2002 - The Titusville School District in Pennsylvania settled a harassment lawsuit brought by Timothy Dahle, a gay student who says he was forced to drop out of school because he could no longer bear the harassment. After first claiming Dahle never complained about the harassment, the school district suddenly ended the lawsuit and paid him $312,000.

2000 - The Somerset Independent School District in Kentucky settled a harassment lawsuit brought by Bradley Putman who suffered anti-gay harassment and death threats. The school paid Putman $135,000 and agreed to adopt a more stringent anti-harassment policy.

1998 - A federal court in Kentucky found that the Spencer County School District failed to take adequate measures to stop the harassment of Alma McGowen, who was perceived to be a lesbian by her classmates. The federal jury awarded McGowen $220,000. A federal appeals court later upheld that jury decision.

1998 - The Kent School District in Washington settled a lawsuit brought by Mark Iversen who was harassed for years at the school. The school paid Iversen $41,000 and agreed to enforce their existing anti-harassment policy and train staff about anti-gay harassment.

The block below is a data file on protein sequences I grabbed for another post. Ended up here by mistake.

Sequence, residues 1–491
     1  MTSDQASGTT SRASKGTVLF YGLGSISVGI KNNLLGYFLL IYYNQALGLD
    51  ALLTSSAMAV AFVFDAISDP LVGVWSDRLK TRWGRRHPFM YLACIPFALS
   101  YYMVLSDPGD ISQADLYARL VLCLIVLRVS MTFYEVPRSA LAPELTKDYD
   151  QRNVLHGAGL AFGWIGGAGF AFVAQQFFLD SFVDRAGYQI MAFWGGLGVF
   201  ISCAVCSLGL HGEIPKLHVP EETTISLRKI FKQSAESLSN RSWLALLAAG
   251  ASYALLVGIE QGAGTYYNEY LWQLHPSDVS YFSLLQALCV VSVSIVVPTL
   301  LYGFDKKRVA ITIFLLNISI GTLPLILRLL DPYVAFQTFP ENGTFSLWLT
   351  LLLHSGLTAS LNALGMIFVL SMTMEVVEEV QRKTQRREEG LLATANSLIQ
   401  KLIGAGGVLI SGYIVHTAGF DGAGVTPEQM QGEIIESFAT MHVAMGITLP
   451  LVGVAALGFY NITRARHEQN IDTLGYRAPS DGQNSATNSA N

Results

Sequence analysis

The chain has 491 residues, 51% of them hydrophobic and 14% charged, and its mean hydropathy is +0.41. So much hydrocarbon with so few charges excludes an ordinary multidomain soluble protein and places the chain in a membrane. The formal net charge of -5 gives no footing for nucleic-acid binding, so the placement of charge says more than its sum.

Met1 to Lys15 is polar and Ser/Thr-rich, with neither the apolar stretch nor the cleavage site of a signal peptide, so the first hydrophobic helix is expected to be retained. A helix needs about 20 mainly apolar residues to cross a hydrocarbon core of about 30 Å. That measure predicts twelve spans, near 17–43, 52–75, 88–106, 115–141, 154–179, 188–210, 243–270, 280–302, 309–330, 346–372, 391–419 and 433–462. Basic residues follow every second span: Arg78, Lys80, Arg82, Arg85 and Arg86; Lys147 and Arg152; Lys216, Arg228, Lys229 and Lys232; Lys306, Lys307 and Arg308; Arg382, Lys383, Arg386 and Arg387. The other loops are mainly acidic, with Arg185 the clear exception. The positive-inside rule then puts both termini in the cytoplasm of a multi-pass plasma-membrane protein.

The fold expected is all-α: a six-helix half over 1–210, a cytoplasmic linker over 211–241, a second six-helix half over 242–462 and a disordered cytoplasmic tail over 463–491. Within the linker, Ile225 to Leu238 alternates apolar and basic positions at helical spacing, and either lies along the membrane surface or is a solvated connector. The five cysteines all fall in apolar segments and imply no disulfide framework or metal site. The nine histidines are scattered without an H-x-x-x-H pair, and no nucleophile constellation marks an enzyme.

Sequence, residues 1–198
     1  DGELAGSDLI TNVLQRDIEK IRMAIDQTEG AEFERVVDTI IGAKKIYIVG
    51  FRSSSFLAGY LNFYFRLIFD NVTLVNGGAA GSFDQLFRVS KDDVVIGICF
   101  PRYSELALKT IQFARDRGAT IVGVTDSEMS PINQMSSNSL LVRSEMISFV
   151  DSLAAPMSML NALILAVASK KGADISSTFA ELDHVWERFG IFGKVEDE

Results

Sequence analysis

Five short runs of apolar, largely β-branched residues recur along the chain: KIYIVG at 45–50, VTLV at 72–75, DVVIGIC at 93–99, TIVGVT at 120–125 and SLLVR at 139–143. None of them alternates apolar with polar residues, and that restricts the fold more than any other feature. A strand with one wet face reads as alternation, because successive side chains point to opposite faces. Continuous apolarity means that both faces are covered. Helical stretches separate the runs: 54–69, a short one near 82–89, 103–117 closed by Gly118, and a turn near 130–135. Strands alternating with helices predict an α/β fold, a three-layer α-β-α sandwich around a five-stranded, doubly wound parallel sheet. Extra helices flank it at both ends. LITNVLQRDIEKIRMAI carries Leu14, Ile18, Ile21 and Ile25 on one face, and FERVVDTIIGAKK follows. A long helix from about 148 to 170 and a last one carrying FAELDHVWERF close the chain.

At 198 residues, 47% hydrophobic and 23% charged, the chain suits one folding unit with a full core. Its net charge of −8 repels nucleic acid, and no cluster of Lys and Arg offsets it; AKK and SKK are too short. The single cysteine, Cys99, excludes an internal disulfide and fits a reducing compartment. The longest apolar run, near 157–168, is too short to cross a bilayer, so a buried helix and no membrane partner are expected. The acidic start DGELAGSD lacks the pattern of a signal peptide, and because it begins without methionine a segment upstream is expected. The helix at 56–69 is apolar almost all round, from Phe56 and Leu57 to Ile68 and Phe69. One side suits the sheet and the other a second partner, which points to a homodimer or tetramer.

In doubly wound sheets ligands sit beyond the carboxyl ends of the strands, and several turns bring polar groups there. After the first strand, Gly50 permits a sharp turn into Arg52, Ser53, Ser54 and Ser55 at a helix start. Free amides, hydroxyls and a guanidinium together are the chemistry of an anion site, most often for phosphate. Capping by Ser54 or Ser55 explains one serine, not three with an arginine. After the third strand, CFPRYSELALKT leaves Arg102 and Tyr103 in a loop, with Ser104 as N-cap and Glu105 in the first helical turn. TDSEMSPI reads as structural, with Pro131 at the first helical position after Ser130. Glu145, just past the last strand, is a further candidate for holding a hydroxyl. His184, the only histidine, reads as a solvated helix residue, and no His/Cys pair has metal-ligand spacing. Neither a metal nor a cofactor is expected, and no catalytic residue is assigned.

1998 - In a historic ruling, a federal appeals court ruled that schools can be held liable for deliberately ignoring anti-gay harassment. Jamie Nabozny sued his school in rural Wisconsin after harassment escalated into a mock rape by a group of students. The school paid Nabozny nearly one million dollars. The case is called Nabozny v. Podlesny."


"Be like a postage stamp. Stick to one thing until you get there." -- Josh Billings.

Add me on MySpace!

Azul's picture

Did you have to put all

Did you have to put all those down. I mean, the 2003 Appeals Court Case did it...

jeff's picture


I prefer an abundance of evidence.


"Be like a postage stamp. Stick to one thing until you get there." -- Josh Billings.

Add me on MySpace!

whateversexual_llama's picture

Jeff said it all. You've

Jeff said it all. You've been illegally harrassed and there ARE things you can do about it.

Be yourself. 'Cause if you're busy being somebody else, who's gonna be you?

loreonpravus's picture

Ditto Jeff. That's so

Ditto Jeff. That's so horrible, people in positions of power/authority figures should know better than that.